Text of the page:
Details & Cataloguing

Modern and Contemporary South Asian Art


Francis Newton Souza
1924 - 2002
Signed and dated 'Souza 56' upper left
Oil on masonite board
121.9 by 91.4 cm. (48 by 36 in.)
Painted in 1956
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Collection of Harold Kovner, New York

Acquired from the above by a private collector, Europe

Saffronart, 20 June 2013, lot 36

Catalogue Note

This powerful monumental portrait head was painted during an important period in Souza's career. The same year Souza had met the collector Harold Kovner who was to become his patron for the next four years. 'Kovner, a wealthy American, had come over from New York to find a young artist whom he could take up. He saw Iris Clert, who showed him all her pet abstracts, artist by artist. Kovner remaind unimpressed. Finally, and with some reluctance, she let him downstairs and produced several paintings by Souza. Kovner jumped. Within 24 hours he had met Souza, given him money, taken away some pictures, made arrangements for the future, and was flying back to New York. The arrangement was a perfectly simple one. Souza was to keep him supplied with pictures every few months  - entirely of the artist's choosing - and in return Kovner would keep him supplied with money. It lasted four years, and Mr Kovner is now the owner of nearly 200 Souzas. It was a case of patronage of the most simple and practical kind, and needless to say it enabled Souza to live without acute financial worries for the first time in his life.' (E. Mullins, F N Souza, Anthony Blond Ltd., London, 1962, p.26)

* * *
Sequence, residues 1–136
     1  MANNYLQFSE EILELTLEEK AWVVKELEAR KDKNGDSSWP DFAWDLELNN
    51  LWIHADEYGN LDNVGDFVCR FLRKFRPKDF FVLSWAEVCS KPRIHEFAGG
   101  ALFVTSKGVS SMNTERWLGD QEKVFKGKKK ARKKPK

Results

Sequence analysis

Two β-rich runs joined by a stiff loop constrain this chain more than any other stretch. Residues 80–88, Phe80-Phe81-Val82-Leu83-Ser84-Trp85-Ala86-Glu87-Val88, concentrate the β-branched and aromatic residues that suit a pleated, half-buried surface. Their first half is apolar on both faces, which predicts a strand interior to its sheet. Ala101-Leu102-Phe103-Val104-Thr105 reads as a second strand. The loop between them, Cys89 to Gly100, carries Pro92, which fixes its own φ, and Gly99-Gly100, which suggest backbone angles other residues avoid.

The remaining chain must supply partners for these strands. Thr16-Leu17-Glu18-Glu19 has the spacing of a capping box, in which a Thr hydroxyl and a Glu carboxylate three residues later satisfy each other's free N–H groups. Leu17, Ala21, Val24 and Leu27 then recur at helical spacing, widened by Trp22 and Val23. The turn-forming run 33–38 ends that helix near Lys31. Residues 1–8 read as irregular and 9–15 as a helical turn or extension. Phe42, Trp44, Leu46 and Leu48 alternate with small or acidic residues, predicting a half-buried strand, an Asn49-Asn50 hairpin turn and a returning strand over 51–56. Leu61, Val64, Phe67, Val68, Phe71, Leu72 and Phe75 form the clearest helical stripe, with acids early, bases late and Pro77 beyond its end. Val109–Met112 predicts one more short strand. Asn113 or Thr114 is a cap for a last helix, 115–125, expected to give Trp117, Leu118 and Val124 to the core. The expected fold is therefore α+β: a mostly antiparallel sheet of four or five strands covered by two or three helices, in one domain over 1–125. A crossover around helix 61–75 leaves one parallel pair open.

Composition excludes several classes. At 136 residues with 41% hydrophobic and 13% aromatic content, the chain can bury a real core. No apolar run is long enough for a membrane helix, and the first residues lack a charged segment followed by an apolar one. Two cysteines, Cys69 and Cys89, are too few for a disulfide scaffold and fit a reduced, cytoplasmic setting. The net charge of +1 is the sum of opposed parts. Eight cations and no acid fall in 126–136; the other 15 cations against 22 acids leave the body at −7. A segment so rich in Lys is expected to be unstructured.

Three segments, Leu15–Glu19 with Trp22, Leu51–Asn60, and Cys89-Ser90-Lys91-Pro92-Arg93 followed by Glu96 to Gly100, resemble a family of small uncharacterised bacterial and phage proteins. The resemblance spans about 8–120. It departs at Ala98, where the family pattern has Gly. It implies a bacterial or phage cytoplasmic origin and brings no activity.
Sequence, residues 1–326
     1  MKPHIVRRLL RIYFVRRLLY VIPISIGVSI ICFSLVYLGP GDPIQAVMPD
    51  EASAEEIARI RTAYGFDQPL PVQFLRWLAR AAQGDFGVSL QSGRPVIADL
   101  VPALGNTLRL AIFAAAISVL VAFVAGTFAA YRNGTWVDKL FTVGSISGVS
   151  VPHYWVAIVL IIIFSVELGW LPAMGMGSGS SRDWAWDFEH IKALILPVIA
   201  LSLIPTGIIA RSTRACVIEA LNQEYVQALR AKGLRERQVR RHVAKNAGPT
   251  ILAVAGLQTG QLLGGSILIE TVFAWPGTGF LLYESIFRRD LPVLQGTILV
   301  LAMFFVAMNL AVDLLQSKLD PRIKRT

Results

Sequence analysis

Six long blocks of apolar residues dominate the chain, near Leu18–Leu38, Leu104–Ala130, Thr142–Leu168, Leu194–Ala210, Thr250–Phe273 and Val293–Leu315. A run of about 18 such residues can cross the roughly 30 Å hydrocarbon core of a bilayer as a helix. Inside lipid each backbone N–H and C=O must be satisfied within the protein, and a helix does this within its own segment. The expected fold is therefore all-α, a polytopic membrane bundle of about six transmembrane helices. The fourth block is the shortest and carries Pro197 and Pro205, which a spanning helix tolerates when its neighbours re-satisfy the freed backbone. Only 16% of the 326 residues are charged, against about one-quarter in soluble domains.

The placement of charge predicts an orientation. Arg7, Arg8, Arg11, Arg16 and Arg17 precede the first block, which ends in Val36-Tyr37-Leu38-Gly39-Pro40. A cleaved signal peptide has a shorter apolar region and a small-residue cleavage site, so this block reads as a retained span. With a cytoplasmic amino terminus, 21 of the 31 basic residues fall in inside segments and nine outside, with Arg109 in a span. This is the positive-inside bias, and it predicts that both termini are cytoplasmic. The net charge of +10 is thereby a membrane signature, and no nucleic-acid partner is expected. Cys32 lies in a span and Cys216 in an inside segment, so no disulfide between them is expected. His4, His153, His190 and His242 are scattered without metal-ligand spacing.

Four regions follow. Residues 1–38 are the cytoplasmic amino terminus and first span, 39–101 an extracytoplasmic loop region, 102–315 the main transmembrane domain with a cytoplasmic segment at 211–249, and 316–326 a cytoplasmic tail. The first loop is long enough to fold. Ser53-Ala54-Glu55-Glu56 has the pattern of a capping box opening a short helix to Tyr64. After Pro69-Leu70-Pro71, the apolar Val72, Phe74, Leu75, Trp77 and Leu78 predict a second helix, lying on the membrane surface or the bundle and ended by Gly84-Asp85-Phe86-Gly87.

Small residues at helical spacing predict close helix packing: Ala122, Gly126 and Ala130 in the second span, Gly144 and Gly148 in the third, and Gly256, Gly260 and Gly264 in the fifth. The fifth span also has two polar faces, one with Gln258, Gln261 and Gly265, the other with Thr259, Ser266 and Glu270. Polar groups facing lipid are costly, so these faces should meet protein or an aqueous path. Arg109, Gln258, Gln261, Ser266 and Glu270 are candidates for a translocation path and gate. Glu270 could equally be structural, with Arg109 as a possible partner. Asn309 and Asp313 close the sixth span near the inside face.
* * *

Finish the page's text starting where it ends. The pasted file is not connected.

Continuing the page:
This monumental head displays the distinctive facial features seen on a number of other Souza portraits from the period. 'Around 1955 he fashioned for his purpose a distinctive type of head for which he perhaps best known. It is a face without forehead, bearded and pockmarked, eyes bulging from the side of the skull... a mouth full of multiple sets of teeth.' (G. Kapur, “Devil in the Flesh”, Contemporary Indian Artists, Vikas Publishing House Pvt. Ltd., New Delhi, 1978, p.2)

'Figurative art presents no problems for Souza because he has succeeded in creating images which are entirely personal, yet recognisable at the same time. They are often distored to the point of destruction... grotesque faces with eyes anywhere and in any number... but they never threaten to dissolve into formalised abstract shapes. The violence and speed with which they are executed keep these images, however distorted, in touch with the artist's vision of what they really are.' (E. Mullins, 1962, p.37).

Modern and Contemporary South Asian Art